Child Abuse, Neglect, and Exploitation Prevention
Staff are expected to report every instance of suspected child abuse, neglect, or exploitation. Child abuse as defined by the statutes can be inflicted “by any person” and may include student-on-student abuse. Sample indicators of abuse and neglect are listed below.
All staff are reminded of their legal obligation as district employees to report suspected child abuse, neglect, or exploitation. All staff are also reminded of their immunity from potential liability for doing so.
The following procedures are to be used in reporting instances of suspected child abuse, neglect, or exploitation:
- When there is reasonable cause to believe that a student has suffered abuse, neglect, or exploitation, staff or the principal shall contact the nearest office of the child protective services (CPS) of the department of social and health services (DSHS) and the police or sheriff. Such contact must be made within forty-eight (48) hours. The legal authority has the responsibility of determining the fact of child abuse or neglect.
- Staff shall inform the principal/designee of instances of reported suspected abuse, neglect, or exploitation. In his or her absence, the report will be made to the nurse or counselor.
- A written report shall be submitted promptly to the agency to which the phone report was made. The report shall include:
- the name, address, and birth date of the child;
- the name and address of the parent or person having custody of the child;
- the nature and extent of the suspected abuse or neglect;
- any evidence of previous abuse or neglect or any other information that may relate to the cause or extent of the abuse or neglect;
- siblings and/or other members of the home; and
- the identify, if known, of the person accused of inflicting the abuse.
- When the district receives a report that a school employee has committed an act of sexual misconduct, it will notify the parents of the alleged victim within forty-eight (48) hours.
Physical abuse indicators:
- Bilateral bruises, extensive bruises, bruises of different ages, patterns of bruises caused by a particular instrument (belt buckle, wire, straight edge, coat hanger, etc.) or unreasonable use of force (grabbing, pinching, dragging, and/or other unapproved forms of restraint);
- Burn patterns consistent with forced immersion in a hot liquid (a distinct boundary line where the burn stops), burn patterns consistent with a spattering by hot liquids, patterns caused by a particular kind of implement (electric iron, etc.) or instrument (circular cigarette burns, etc.).
- Lacerations, welts, abrasions.
- Injuries inconsistent with information offered by the child.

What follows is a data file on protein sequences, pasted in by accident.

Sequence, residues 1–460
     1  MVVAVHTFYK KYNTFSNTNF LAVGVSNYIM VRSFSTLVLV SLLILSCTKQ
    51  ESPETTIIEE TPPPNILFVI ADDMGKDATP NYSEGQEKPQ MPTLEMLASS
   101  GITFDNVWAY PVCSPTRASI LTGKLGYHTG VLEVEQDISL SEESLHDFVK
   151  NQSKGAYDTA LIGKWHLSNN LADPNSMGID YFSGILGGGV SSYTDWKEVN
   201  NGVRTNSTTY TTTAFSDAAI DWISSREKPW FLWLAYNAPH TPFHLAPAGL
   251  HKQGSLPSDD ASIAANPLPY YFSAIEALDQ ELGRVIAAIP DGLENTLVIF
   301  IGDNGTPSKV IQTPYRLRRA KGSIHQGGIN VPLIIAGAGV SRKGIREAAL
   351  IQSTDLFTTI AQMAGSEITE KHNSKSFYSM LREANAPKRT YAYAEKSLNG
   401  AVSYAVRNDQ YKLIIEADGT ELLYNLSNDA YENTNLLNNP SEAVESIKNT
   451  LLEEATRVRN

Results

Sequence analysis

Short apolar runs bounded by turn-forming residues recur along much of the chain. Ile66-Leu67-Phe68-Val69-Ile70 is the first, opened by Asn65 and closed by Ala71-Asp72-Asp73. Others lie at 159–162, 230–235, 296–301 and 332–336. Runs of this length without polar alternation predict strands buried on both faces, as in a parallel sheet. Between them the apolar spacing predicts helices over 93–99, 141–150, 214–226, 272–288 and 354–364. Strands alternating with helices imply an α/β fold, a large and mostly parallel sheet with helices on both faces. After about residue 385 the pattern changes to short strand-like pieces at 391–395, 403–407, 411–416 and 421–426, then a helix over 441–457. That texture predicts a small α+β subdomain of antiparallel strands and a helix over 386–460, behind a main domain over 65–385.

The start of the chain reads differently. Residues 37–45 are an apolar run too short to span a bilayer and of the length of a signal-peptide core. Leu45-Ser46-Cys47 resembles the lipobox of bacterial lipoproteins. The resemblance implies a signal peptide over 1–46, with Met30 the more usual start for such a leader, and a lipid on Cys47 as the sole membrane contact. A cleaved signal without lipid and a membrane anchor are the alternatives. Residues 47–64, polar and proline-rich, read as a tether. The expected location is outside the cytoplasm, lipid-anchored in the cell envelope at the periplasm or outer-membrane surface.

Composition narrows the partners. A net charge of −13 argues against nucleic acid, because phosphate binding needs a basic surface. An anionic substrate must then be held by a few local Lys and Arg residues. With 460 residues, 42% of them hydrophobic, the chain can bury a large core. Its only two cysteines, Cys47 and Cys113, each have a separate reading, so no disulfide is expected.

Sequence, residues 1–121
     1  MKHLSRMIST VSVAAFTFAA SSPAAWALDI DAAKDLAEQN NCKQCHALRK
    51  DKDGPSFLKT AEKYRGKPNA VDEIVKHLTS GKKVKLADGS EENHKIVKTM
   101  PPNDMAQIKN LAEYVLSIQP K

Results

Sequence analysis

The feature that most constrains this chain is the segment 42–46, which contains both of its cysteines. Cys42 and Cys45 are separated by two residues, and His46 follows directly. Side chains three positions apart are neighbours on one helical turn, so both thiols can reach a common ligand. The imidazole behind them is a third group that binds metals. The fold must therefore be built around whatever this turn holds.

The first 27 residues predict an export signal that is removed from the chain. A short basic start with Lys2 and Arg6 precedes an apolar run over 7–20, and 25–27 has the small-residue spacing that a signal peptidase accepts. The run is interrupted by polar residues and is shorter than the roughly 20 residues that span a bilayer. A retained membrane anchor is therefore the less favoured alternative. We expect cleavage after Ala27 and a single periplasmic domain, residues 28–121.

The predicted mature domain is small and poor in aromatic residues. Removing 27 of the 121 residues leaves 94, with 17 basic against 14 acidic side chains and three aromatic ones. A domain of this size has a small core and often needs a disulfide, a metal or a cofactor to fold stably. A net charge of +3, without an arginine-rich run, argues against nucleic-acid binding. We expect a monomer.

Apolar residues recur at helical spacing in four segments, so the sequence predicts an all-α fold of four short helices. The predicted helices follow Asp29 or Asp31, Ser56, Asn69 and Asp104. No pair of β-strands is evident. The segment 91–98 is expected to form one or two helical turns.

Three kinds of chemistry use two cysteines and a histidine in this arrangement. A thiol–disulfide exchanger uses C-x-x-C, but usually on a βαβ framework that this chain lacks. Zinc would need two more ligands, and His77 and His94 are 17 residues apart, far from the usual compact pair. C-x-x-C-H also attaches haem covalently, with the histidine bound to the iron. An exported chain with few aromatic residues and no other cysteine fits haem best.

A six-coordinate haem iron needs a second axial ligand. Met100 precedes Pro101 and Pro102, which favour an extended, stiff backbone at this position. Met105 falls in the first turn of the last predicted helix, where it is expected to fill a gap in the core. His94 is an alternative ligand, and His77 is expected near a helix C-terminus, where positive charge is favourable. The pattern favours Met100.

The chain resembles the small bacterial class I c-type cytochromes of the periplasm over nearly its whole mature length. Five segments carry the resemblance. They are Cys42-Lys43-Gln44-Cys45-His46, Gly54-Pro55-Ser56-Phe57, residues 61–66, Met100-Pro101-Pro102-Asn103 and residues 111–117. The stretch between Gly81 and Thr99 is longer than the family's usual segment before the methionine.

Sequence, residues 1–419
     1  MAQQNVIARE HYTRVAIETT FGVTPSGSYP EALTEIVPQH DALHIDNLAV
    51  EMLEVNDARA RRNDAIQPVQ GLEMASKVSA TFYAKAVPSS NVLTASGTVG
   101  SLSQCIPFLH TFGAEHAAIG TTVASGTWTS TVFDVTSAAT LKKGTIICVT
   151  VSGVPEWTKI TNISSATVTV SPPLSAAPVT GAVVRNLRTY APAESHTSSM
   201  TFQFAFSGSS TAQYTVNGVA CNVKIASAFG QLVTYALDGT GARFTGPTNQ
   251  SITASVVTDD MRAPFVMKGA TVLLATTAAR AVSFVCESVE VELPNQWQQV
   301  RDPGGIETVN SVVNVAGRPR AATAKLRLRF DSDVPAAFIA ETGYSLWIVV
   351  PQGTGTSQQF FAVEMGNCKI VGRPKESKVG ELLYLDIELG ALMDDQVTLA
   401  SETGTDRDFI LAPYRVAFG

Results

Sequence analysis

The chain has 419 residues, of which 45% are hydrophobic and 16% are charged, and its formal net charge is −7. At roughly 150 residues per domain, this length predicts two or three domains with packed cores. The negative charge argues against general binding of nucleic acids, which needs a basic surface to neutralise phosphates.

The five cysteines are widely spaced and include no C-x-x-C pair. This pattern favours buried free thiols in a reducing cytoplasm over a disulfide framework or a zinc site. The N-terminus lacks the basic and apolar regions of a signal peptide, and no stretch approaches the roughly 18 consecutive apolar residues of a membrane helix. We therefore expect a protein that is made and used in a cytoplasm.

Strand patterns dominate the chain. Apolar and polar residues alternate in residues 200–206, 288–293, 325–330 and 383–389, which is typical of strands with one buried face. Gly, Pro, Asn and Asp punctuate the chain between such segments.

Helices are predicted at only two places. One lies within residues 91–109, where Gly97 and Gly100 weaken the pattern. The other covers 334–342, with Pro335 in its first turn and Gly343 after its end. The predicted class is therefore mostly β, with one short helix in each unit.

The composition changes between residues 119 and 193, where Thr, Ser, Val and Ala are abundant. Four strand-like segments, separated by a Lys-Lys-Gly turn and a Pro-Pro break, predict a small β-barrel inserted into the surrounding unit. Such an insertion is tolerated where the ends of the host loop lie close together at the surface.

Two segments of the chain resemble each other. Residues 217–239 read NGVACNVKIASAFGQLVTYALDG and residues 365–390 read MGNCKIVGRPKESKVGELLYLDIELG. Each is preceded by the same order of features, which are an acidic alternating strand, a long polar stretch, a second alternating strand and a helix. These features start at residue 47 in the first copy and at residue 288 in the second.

- Injuries inconsistent with the child's age.
- Injuries that regularly appear after absence or vacation.
Emotional Abuse Indicators:
- Lags in physical development;
- Extreme behavior disorder;
- Fearfulness of adults or authority figures; or
- Revelations of highly inappropriate adult behavior, i.e., being enclosed in a dark closet, forced to drink or eat inedible items.
Sexual Abuse Indicators
Sexual abuse, whether physical injuries are sustained or not, is any act or acts involving intentional sexual contact, conduct or communication with a child. Beyond direct evidence of this kind of abuse, indicators may include but are not limited to:
- A child’s developmentally inappropriate sexual conduct, regardless of the child’s own mental status or development;
- Child engaging in “sex talk”, drawing, or attempting to access pornography;
- Child’s disclosure of “grooming behavior” or inappropriate conduct that does not necessarily rise to a specific sexual act;
- An adult’s attempt to form a secret of unreasonably special relationship with a child;
- Venereal disease in a child of any age;
- Evidence of physical trauma or bleeding to the oral, genital or anal areas; or
Physical Neglect Indicators
- Lack of basic needs (food, clothing, safety, shelter).
- Inadequate supervision.
- Lack of essential health care and high incidence of illness.
- Poor hygiene on a regular basis;
- Inappropriate clothing in inclement weather; or
Some Behavioral Indicators of Abuse:
- Wary of adult contact;
- Frightened of parents;
- Afraid to go home;
- Habitually truant or late to school;
- Arrives at school early and remains after school later than other students;
- Weary of physical contact by adults;
- Shows evidence of overall poor care;
- Parents or caretakers describe child as “difficult” or “bad”
- Inappropriately dressed for the weather – no coat or shoes in cold weather or long sleeves and high necklines in hot weather (possibly hiding marks of abuse); or
- Exhibits behavioral extremes: crying often or never, unusually aggressive or withdrawn and fearful.
Note: Indicators in and of themselves do not necessarily prove that abuse, neglect, or exploitation has occurred. However, they still may warrant a referral to CPS or law enforcement. When in doubt, staff should consult with CPS about making a report.
Child abuse as defined by the statutes can be inflicted by any person and may include student-on-student abuse. These cases also require reporting to CPS or law enforcement.
Initially Adopted: March 5, 1981
Adopted: February 22, 2010
Amended: April 11, 2011
Amended: October 26, 2015